The Thalmann Algorithm (VVAL 18) is a deterministic decompression model originally designed in 1980 to produce a decompression schedule for divers using the US Navy Mk15 rebreather. It was developed by Capt. Edward D. Thalmann, MD, USN, who did research into decompression theory at the Naval Medical Research Institute, Navy Experimental Diving Unit, State University of New York at Buffalo, and Duke University. The algorithm forms the basis for the current US Navy mixed gas and standard air dive tables.
The Mk15 rebreather supplies a constant partial pressure of oxygen of 0.7 bar (70 kPa) with nitrogen as the inert gas. Prior to 1980 it was operated using schedules from printed tables. It was determined that an algorithm suitable for programming into an underwater decompression monitor (an early dive computer) would offer advantages. This algorithm was initially designated "MK15 (VVAL 18) RTA", a real-time algorithm for use with the Mk15 rebreather.
VVAL 18 is a deterministic model that utilizes the Naval Medical Research Institute Linear Exponential (NMRI LE1 PDA) data set for calculation of decompression schedules. Phase two testing of the US Navy Diving Computer produced an acceptable algorithm with an expected maximum incidence of decompression sickness (DCS) less than 3.5% assuming that occurrence followed the binomial distribution at the 95% confidence level.
The use of simple symmetrical exponential gas kinetics models has shown up the need for a model that would give slower tissue washout. In the early 1980s the US Navy Experimental Diving Unit developed an algorithm using a decompression model with exponential gas absorption as in the usual Haldanian model, but a slower linear release during ascent. The effect of adding linear kinetics to the exponential model is to lengthen the duration of risk accumulation for a given compartment time constant.
The model was originally developed for programming decompression computers for constant oxygen partial pressure closed circuit rebreathers. Initial experimental diving using an exponential-exponential algorithm resulted in an unacceptable incidence of DCS, so a change was made to a model using the linear release model, with a reduction in DCS incidence. The same principles were applied to developing an algorithm and tables for a constant oxygen partial pressure model for Heliox diving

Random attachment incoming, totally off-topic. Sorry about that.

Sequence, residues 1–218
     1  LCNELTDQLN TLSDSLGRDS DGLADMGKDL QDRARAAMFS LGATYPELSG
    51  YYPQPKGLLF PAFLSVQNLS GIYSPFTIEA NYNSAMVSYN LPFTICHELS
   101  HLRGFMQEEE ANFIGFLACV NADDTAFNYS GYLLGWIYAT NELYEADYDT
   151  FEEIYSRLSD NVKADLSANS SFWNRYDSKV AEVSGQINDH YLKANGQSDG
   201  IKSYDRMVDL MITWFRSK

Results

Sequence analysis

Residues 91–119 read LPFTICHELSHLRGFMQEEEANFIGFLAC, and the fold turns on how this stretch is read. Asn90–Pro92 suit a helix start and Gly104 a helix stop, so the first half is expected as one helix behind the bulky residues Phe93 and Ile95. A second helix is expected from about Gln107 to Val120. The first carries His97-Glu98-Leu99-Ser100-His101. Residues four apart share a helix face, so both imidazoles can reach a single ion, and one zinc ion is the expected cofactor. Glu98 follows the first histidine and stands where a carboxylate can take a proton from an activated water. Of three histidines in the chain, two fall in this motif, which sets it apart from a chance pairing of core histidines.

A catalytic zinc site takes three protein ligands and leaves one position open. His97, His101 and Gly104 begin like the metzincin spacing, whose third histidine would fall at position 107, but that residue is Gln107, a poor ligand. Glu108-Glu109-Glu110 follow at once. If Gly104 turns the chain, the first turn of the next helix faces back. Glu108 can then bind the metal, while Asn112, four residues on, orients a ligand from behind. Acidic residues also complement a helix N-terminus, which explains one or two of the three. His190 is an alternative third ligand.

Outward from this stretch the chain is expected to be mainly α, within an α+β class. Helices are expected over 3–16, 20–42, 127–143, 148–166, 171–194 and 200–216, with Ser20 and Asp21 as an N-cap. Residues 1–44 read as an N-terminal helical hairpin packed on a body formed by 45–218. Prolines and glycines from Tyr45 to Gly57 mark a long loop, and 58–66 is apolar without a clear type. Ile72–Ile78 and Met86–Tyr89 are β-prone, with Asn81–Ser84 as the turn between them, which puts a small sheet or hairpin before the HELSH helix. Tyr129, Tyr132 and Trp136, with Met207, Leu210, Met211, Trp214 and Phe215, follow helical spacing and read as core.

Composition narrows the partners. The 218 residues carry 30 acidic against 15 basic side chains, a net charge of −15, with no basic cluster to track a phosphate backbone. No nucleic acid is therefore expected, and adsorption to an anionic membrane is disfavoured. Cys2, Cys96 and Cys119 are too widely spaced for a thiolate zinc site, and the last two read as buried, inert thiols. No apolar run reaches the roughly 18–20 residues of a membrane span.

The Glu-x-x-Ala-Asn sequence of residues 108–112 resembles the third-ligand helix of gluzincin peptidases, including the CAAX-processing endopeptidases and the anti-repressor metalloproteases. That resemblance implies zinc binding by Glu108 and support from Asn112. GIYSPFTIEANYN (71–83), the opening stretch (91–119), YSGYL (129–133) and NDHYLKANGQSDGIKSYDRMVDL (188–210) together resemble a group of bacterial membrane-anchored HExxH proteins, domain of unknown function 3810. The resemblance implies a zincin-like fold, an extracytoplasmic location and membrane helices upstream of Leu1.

The linear component is active when the tissue pressure exceeds ambient pressure by a given amount specific to the tissue compartment. When the tissue pressure drops below this cross-over criterion the tissue is modelled by exponential kinetics. During gas uptake tissue pressure never exceeds ambient, so it is always modelled by exponential kinetics. This results in a model with the desired asymmetrical characteristics of slower washout than uptake. The linear/exponential transition is smooth. Choice of cross-over pressure determines the slope of the linear region as equal to the slope of the exponential region at the cross-over point.
During the development of these algorithms and tables, it was recognized that a successful algorithm could be used to replace the existing collection of incompatible tables for various air and Nitrox diving modes currently in the US Navy Diving Manual with a set of mutually compatible decompression tables based on a single model, which was proposed by Gerth and Doolette in 2007. This has been done in Revision 6 of the US Navy Diving Manual published in 2008, though some changes were made.
An independent implementation of the EL-Real Time Algorithm was developed by Cochran Consulting, Inc. for the diver-carried Navy Dive Computer under the guidance of E. D. Thalmann.
Computer testing of a theoretical bubble growth model reported by Ball, Himm, Homer and Thalmann produced results which led to the interpretation of the three compartments used in the probabilistic LE model, with fast (1.5min), intermediate (51 min) and slow (488min) time constants, of which only the intermediate compartment uses the linear kinetics modification during decompression, as possibly not representing distinct anatomically identifiable tissues, but three different kinetic processes which relate to different elements of DCS risk.
They conclude that bubble evolution may not be sufficient to explain all aspects of DCS risk, and the relationship between gas phase dynamics and tissue injury requires further investigation.